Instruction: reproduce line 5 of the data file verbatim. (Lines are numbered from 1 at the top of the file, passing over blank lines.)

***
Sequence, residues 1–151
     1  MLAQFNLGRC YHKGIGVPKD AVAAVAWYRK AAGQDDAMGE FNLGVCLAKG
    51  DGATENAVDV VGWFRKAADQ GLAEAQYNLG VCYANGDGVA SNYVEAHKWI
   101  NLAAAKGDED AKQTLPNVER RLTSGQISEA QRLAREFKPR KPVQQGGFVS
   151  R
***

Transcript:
   151  R